Chloe said she became vegetarian at age 9 during a family dinner. Though her parents didn’t become vegetarian, she feels lucky they were supportive.
Chloe wrote: “I founded my vegetarian club at Yorktown High School, called Students Advocating Vegetarian Eating (SAVE) in my sophomore year, and have been president since. Through the club, I met with the Food and Nutrition Services directors at Yorktown High School. The directors agreed to add falafel, bean wraps, couscous salad, and tomato sauce (instead of meat sauce) to the school menu and we designed a labeling system to facilitate eating vegetarian and vegan in the cafeteria. I brought speakers, such as from the Humane League, to talk to 500 students about factory farming and the benefits of vegetarianism. I successfully advocated adding plant based nutrition to the Yorktown High School teacher’s health curriculum. My club has given out 2,000 food samples. We were awarded $945, mostly from Veg Fund, to do so … The club was originally called ‘The Animal Rights Club,’ but I decided to change the branding to focus more on vegetarianism … I started the school garden through the Roots and Shoots club at my high school. I mentored a fellow club member to apply for a grant from the Pollination Project for $1000. We also raised $842 through a fundraising partnership with Chipotle … We grew plants such as basil and broccoli and we delivered them to the cafeteria to be included in the school’s meals.”
Chloe said when she started these activities she couldn’t find a youth activist and felt isolated. “Then I realized that if there was no youth vegan community, I would create one. That is how I founded Vegetarian and Vegan Youth (www.VegYouth.com), a non-profit network of student leaders and youth … I built the VegYouth 110-page website myself. I wrote over 50 articles about vegetarianism and veganism and about starting student groups … I hired three unpaid summer interns and managed 25 volunteers. I correspond with an advisory board of 16 leaders in the vegetarian movement.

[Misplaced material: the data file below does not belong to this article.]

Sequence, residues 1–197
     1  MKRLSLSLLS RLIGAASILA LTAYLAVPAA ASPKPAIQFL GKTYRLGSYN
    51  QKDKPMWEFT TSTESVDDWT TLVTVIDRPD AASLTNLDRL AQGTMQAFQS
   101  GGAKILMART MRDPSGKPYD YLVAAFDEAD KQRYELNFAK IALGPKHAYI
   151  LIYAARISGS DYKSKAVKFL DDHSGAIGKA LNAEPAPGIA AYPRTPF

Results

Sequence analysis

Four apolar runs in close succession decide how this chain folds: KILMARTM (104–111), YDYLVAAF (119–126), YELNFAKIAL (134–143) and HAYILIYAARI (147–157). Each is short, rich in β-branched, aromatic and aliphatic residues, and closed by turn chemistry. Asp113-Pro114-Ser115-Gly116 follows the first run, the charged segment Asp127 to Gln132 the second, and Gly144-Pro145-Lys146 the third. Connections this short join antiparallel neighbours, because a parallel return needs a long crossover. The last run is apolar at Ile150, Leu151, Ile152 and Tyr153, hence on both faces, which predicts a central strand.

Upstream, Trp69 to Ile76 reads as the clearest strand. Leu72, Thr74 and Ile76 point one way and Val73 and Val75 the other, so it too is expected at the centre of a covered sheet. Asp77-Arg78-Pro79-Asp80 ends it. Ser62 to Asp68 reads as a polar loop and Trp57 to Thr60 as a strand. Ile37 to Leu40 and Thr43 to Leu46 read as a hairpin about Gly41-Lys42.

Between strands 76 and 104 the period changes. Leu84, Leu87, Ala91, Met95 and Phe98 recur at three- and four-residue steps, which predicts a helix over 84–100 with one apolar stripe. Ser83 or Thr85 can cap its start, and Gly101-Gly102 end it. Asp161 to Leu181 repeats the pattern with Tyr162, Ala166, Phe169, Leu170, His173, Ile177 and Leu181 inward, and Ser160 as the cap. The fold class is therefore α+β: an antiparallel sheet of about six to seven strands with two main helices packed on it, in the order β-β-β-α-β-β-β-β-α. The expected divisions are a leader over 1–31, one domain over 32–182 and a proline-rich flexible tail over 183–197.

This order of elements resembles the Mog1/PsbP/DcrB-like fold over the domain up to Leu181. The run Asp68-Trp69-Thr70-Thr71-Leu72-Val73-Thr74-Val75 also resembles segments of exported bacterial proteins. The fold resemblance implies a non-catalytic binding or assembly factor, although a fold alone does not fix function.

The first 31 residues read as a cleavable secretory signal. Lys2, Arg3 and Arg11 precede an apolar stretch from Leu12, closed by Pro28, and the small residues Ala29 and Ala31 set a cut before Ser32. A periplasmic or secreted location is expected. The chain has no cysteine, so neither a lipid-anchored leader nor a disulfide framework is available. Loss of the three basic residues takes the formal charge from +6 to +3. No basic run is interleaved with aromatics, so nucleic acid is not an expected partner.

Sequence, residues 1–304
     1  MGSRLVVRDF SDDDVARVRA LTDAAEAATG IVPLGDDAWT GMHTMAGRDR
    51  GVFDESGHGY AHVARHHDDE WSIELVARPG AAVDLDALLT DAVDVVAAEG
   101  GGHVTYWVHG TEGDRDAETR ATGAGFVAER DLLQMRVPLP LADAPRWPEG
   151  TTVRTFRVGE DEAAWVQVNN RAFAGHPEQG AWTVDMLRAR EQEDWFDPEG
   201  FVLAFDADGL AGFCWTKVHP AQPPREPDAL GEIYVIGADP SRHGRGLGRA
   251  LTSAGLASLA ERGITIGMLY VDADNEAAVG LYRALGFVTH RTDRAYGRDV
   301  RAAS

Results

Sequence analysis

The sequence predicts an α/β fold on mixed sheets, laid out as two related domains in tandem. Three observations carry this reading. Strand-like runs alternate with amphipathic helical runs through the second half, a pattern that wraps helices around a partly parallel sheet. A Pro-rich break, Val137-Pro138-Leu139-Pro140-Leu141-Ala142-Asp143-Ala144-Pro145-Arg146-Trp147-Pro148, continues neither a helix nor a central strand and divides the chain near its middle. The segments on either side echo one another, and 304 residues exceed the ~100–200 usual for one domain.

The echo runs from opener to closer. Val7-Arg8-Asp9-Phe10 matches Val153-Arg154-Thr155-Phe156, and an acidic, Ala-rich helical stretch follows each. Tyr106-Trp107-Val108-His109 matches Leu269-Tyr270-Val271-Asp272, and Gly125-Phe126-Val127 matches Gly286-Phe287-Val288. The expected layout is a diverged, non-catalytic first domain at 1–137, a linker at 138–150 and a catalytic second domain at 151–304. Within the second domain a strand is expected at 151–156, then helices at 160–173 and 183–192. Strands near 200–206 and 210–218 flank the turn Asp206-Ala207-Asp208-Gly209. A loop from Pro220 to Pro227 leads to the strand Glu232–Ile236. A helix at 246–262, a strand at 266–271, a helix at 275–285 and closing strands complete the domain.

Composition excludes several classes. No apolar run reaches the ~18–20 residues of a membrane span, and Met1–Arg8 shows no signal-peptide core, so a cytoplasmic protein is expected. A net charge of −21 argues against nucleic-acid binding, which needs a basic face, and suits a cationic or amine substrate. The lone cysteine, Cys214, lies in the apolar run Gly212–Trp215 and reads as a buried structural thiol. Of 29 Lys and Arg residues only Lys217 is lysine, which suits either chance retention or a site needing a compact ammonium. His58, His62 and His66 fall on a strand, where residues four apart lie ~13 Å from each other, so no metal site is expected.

Chloe’s references said about her: “I can wholeheartedly say that I have never met another 17-year-old with such fervor and drive … I consider Chloe to be a force of nature … She is being viewed as one of the top movement builders for vegan and vegetarian youth nationwide.”
Chloe stated, “I had a shy personality growing up and had to overcome it to do much my vegetarian activist work … Initially I was perfectionistic and had extremely high expectations for activism … I felt as if I had to give out 1,000 samples in each sampling event. With time I learned to let go and appreciate each small success, and I realized that they add up to a lot.”
Beyond college, Chloe hopes “to have a career that addresses multiple world challenges. I would like to improve the food system and food policy to make healthy, sustainable food cheaper and more abundant … Vegetarianism already encompasses so many social justice issues that I care about – the environment, human rights, hunger, health, and animal rights …” She said with this scholarship, “the financial support would free me to be able to support many more teens and college students to become vegetarian and leaders for vegetarianism.”
To apply for the 2016 Vegetarian Resource Group college scholarships, go to:
To financially support additional scholarships or internships, you can donate
at www.vrg.org/donate; The Vegetarian Resource Group, P.O. Box 1463, Baltimore, MD 21203; or call (410) 366-8343 9am-5pm ET Monday through Friday.